NEWARK, Del. — Chanting “We are one. We have each other’s backs,” members of Newark’s various faith communities came together Sunday to promote diversity and call for an end to gun violence.

Held at Calvary Baptist Church on Delaware Avenue, the interfaith vigil was organized in the wake of the mass shootings in Texas and Ohio earlier this month. In El Paso, a white nationalist gunman targeting immigrants opened fire in a Walmart, killing 22 people. Less than a day later, a gunman killed nine people outside a bar in Dayton.

While the vigil had been planned well in advance, it took place just 12 hours after a man was killed and another was wounded in a shooting at the Red Roof Inn on South College Avenue.

“There was someone shot just here in Newark just last night,” the Rev. Corey Fields, pastor of Calvary Baptist, told the crowd. “And so we gather in concern for violence and in concern for each other.”

Fields said that in one sense, vigils like the one Sunday — and similar gatherings the Newark faith community has organized after other mass shootings — can seem futile.

“Yet a gathering like this also says something powerful and eternal,” he said. “A gathering like this says that we all share a desire to live in peace, and that we do not accept the status quo. A gathering like this says that even though our religious and political beliefs may differ, we are all beloved children and we are all fellow travelers on the sometimes treacherous journey of life.”

Charito Calvachi-Mateyko, from the Delaware Hispanic Commission, said Latinos are hurting in the wake of the El Paso shooting and President Donald Trump’s anti-immigrant rhetoric.

“You need to know what a difference you have created here today for Latinos,” Calvachi-Mateyko told the crowd. “You all need to know we feel you are holding us in the midst of shock and trauma.

She gave a blistering rebuke of Trump, who she described as “the distractor-in-chief” intent on using divisive policies and language to distract the American people from other controversies.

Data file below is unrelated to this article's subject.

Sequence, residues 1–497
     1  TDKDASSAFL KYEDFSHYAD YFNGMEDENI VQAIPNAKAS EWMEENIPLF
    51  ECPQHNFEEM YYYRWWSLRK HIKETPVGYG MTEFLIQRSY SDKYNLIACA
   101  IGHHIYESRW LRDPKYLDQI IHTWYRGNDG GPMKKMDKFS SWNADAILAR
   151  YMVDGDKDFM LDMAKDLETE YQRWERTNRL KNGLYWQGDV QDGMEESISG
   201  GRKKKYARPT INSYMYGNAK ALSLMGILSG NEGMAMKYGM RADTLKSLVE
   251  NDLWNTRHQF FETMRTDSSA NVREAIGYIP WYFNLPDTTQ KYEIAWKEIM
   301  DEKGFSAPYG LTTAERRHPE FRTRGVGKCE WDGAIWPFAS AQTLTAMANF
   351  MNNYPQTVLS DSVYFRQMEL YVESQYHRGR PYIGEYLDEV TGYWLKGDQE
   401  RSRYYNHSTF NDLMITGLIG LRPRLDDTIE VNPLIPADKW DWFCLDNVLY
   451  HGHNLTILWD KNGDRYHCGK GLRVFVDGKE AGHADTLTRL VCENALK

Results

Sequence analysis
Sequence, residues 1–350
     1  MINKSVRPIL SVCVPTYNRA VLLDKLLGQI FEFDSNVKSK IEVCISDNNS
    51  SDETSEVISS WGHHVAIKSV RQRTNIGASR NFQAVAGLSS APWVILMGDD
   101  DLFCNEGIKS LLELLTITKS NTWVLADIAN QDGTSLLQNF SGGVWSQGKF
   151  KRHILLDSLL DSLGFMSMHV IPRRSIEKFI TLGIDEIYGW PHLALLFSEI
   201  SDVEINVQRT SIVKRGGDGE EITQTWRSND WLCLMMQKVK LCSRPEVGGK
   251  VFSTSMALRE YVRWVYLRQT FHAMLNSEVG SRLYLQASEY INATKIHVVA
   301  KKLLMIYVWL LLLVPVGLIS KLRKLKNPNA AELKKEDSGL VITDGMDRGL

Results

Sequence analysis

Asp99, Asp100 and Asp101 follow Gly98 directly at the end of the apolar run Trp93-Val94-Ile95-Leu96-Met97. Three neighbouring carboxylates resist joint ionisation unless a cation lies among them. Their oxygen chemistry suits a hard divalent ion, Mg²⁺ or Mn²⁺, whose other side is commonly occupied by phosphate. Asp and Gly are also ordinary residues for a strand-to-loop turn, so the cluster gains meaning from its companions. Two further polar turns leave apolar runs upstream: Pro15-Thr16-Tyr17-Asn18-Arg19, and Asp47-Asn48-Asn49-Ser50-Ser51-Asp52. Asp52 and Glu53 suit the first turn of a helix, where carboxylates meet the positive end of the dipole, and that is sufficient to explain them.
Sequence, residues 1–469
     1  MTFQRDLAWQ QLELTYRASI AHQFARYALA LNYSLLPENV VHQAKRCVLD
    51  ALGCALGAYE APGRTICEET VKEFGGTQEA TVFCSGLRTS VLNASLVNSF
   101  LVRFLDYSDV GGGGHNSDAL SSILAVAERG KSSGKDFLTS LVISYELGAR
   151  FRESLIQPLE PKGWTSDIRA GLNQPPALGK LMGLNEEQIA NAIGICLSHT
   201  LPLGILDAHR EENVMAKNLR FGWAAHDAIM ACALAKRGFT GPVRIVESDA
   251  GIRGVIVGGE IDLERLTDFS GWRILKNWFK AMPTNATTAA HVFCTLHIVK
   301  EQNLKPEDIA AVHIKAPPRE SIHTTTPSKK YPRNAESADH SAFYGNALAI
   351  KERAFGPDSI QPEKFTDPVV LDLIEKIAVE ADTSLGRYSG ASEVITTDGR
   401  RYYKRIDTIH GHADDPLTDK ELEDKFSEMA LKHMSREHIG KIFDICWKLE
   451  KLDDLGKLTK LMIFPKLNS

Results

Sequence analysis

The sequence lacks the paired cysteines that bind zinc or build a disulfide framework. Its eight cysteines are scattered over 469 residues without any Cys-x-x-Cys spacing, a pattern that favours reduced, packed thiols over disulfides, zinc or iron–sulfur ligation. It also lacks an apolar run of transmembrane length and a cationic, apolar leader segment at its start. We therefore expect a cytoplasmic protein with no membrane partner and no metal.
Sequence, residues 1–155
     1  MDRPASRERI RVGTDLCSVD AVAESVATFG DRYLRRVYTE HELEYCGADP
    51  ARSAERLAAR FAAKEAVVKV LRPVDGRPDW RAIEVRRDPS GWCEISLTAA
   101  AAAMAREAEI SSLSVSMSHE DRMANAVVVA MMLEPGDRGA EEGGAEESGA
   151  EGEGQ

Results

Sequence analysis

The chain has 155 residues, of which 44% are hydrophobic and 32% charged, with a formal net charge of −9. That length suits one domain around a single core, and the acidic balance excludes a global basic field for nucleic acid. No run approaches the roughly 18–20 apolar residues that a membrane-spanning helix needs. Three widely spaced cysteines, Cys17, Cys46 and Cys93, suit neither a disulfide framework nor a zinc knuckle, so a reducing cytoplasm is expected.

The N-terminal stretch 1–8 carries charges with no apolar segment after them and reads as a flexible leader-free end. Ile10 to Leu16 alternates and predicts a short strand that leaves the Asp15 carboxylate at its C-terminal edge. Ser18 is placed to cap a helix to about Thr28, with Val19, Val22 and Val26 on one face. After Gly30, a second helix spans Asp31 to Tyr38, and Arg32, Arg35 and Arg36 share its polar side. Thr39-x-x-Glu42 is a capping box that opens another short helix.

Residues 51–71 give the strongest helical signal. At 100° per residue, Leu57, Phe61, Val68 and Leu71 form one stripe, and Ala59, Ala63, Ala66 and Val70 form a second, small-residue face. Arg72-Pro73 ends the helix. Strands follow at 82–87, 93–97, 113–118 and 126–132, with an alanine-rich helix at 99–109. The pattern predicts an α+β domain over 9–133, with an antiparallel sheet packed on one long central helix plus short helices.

“Mr. President, against all your distractions, against all the negativity you incite, we have something to tell you: We are one. We have each other’s backs,” she said.

Irfan Patel told the crowd that he came on behalf of the Islamic Society of Delaware to express sympathy for the victims in El Paso, Dayton and of all gun violence.

“More than that, I’m standing here today as a concerned citizen of this nation, against the backdrop of all this senseless violence and killing of innocent lives that were wasted by these senseless acts of violence, violence that was and is rooted in deep hatred towards those who look different,” Patel said.

State Rep. Paul Baumbach attended the vigil wearing a large red F pinned on his lapel, proudly showing off the grade the National Rifle Association gave his voting record on gun issues.

“We live in dangerous times, but the danger isn’t from career criminals. Crime has fallen steadily over the past 20 years,” Baumbach said. “The danger is tied to guns. In Dayton, Ohio, the gunman shot 26 people in 32 seconds. His firearm had a 100-round magazine.”

He called for “common-sense” gun control and urged the crowd to reject bigotry and white supremacy.

“Hate cannot drive out hate. Only love can do that,” he said. “So we’re here today, we’re here together. We’re here united to stand up for love, to stand up for light, to stand up against racism, to stand up against white supremacy, to stand up for people and communities of color, to stand up against isolationism, to stand up against nationalism and to stand up against an unchecked gun culture. Do not let darkness consume you, do not let hate consume you, do not let hopelessness consume you.”

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